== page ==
Hagazussa: A Heathen’s Curse

Updated: Mar 10

Review by Jess


Synopsis: In the 15th century Alps, a young female goatherder Albrun, who lives alone with her infant daughter, begins to feel a dark presence in the woods

This dark and moody supernatural tale is told by first-time German director Lukas Fiegelfeld. It premiered at Fantastic Fest in September 2017, received a wide release in Germany in May of 2018, and then a limited release in the US in April 2019. It holds an approval rating of 95% on Rotten Tomatoes and has been accredited by critics to being Germany's version of The VVitch. Feigelfeld wrote, directed, and co-produced Hagazussa as his film school graduation project and what he has said about it is that he wanted to explore the image of the women branded as witches in folk tales and


dig deeper into her psyche and see her as the traumatized,

mistreated and finally delusional person that society constructed.

As well as to understand what utterly evil things people were lead

to do while suffering from psychosis in the Middle Ages and being

surrounded by superstition and religious persecution. The film tries

to depict a very personal and empathetic mental image of a nightmarish

and a sick mind.


The term hagazussa or hagzissa is an Old High German word for a witch and where the word “hag” comes from. Witches have had a long history in German folklore as older women who live secluded lives in the woods away from the rest of the village. They were said to have knowledge of herbs, spellcraft, and commune with natural elements and animals. Parent’s would use the folklore to scare their misbehaving children by telling them that the local witch would fetch and eat them. In many cases, these women were either independent, poor, or mentally ill individuals who were outcasted from society. Due to folklore and religious superstition thousands of women were branded and executed as witches throughout Germany from 1580-1630. This film Hagazussa is an example of how a way of living one’s life separate from others can be misinterpreted and eventually lead to mistreatment, violence and eventually a psychotic break.


Hagazussa is truly an experience to watch and I would recommend going into it with no perceived notions in mind. I know when I was told it was likened very much to my favourite film of 2016, The VVitch, I knew I had to see it. And I will be honest, within the first 20 minutes of the film, I was not sure I was going to continue. But the story of Albrun and her life in the mountain’s drew me in. The cinematography of this film is gorgeous and paired with the dark ambient music of Greek duo MMMD, it was truly an audio/visual treat. With the lack of dialogue in this film, it relies heavily upon the scenery and background music to help build the story of Albrun’s descent into witchcraft or madness. Which in combination with the incredible talent of Polish actress Aleksandra Cwen (Albrun), who largely is on her own throughout the film’s duration, really enhances the beautiful and yet disturbing elements of the film.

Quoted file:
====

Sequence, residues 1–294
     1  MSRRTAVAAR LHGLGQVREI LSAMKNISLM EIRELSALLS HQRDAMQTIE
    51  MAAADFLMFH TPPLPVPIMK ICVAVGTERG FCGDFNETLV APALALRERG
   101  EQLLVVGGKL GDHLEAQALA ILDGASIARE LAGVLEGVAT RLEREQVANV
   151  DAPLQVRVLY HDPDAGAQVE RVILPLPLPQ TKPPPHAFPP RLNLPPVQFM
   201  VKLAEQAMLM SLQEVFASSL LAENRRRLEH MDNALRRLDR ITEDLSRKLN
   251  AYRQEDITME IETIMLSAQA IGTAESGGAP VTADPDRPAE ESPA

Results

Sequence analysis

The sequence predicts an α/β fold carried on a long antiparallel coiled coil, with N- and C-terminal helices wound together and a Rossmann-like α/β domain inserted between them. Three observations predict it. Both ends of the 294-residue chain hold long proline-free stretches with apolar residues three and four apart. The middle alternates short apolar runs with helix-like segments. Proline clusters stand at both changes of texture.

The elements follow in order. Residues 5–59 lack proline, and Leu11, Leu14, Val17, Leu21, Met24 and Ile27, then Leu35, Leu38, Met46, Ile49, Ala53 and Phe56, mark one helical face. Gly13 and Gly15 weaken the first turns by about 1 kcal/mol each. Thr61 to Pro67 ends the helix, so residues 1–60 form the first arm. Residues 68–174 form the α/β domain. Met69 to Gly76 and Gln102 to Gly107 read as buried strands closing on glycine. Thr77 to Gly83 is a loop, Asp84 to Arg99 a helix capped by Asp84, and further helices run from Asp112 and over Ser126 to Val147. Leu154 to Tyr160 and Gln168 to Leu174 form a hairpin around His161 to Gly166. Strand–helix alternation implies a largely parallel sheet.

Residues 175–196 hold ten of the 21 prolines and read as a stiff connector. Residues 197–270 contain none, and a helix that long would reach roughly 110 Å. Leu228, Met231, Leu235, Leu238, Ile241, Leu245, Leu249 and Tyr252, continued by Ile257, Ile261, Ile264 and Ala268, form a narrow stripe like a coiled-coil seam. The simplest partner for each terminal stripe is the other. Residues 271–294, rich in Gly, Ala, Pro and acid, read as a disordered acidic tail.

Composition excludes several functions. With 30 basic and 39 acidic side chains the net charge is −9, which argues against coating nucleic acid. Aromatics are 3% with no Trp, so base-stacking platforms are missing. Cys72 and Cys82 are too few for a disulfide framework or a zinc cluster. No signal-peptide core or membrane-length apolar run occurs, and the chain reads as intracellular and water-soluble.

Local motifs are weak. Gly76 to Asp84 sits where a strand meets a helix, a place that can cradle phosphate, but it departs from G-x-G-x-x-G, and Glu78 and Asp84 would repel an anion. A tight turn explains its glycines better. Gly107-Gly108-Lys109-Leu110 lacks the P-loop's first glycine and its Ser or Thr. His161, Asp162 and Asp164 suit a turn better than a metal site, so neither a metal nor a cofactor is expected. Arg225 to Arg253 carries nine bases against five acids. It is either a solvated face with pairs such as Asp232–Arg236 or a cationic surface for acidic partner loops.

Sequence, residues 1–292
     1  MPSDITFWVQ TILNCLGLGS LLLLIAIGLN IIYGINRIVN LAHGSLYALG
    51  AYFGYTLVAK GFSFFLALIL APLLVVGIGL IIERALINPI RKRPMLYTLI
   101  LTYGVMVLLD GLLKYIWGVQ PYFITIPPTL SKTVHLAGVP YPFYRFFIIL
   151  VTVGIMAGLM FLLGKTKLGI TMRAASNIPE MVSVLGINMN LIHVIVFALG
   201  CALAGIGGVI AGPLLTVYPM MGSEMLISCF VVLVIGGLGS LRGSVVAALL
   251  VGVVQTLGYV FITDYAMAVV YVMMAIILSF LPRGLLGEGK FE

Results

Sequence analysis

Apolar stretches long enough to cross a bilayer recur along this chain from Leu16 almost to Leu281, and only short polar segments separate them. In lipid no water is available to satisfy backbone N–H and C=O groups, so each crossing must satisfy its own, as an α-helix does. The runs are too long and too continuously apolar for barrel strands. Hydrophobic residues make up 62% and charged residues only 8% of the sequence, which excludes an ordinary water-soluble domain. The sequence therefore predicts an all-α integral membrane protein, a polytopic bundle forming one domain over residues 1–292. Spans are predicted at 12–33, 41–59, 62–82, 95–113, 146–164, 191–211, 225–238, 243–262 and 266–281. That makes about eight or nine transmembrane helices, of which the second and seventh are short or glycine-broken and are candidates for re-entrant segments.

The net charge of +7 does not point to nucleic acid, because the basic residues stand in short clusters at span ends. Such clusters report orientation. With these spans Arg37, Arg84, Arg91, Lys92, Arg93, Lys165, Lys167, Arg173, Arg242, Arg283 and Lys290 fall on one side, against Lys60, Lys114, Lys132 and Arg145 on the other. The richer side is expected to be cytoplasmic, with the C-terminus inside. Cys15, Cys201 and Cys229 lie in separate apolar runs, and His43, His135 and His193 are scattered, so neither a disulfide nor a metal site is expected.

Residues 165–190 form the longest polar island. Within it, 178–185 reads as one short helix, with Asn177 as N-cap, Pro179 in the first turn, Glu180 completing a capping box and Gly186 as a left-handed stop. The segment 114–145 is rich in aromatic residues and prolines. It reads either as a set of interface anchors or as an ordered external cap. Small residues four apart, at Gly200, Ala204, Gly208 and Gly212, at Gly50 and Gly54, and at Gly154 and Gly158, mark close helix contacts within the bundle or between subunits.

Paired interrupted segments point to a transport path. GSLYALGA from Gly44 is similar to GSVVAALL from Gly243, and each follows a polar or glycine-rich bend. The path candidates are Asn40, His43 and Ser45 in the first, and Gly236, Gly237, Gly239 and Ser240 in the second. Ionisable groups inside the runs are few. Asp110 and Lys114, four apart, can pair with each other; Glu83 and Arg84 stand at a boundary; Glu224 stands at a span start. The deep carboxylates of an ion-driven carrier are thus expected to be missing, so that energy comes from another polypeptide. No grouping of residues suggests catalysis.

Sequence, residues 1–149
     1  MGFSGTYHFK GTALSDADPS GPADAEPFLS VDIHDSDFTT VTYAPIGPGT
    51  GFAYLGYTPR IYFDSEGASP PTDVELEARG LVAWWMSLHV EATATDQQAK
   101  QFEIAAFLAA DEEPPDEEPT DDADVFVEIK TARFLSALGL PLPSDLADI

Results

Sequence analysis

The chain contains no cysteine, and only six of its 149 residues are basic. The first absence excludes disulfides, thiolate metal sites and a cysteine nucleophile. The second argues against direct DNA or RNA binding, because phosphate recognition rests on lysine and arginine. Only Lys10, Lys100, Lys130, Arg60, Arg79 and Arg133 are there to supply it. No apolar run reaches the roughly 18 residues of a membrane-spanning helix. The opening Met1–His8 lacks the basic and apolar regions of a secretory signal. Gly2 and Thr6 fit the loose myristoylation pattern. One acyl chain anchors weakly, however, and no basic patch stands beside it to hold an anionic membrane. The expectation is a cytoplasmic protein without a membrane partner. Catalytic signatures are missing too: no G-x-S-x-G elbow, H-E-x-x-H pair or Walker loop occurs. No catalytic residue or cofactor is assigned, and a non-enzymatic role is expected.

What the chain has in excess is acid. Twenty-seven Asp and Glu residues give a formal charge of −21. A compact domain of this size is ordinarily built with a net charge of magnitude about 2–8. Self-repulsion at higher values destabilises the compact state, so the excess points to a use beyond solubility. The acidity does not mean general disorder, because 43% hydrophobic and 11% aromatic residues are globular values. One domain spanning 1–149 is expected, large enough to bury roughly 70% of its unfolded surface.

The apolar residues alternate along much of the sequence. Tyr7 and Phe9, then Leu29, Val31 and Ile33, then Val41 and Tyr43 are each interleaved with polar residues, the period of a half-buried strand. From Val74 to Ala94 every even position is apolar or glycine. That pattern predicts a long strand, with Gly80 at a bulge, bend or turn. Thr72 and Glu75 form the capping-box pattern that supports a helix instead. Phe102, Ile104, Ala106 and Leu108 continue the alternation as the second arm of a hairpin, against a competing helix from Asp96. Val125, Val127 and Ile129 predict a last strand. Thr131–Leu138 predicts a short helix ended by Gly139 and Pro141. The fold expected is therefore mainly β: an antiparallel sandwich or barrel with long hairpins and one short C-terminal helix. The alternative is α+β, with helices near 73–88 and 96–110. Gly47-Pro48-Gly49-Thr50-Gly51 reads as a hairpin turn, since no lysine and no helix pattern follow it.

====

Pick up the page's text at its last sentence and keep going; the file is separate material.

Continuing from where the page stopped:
While some critics have stated Hagazussa to be “gorgeously unsettling” (Variety), and a“spellbinding audiovisual symphony” (The Hollywood Reporter), others have not given it favourable reviews, citing that the film is “atmospheric and muted… a frustrating genre pic that’s just too dreary to be scary” (RogerEbert). I would say if you are looking for a straightforward plot and clear ending, sadly you’re not going to find that here. But that is what I love about this film. I found that in my research, elements of Hagazussa could be interpreted in a variety of different ways based upon your own knowledge of witchcraft, German folklore, women’s roles in Germanic society and mental illness. There were times when I really felt that the things happening to Albrun were supernatural, like her sitting amongst the trees in the woods almost communing with nature, and other times I thought some moments were the signs of mental illness, like masturbating while milking the goat. The climatic ending, while vague and open-ended, left me to interpret my own end of Albrun’s journey. And while reading other reviews about Hagazussa, I was fascinated to read other viewer’s interpretation of how the film ends. I love this about films of this variety because it allows for people to have an open discussion about how they see what a film’s ending is trying to say. So if you have seen Hagazussa, DM me on Twitter, because I would love to share my own thoughts on the ending and would love to hear yours!


What I can say with confidence about Hagazussa is that if you view it from the perspective that she is a woman who is a descendant of a witch and thus becomes one herself, the narrative plays out beautifully in an artistic sort of style. Or if you watch this film with the narrative that Albrun asa mentally ill woman, who as a child watched her mother die horribly, was left on her own to survive in an isolated wilderness to then later in life to be betrayed, raped, and then be shunned as a witch, this film also plays out this tragic story. However, both narratives can be blended together to tell a story of a woman believed to be a witch by her village and due to her mental illness, she gives herself up to the Germanic stereotype of a witch to cope with her trauma and isolation.

So if you are like me and enjoy an extremely well-done atmospheric film that leaves elements of it open to interpretation, then I would highly recommend Hagazussa. But be warned, while it is similar to The VVitch in regards to the atmosphere of supernatural dread and witchy symbolism, it is a very different type of film talking about women and witchcraft.

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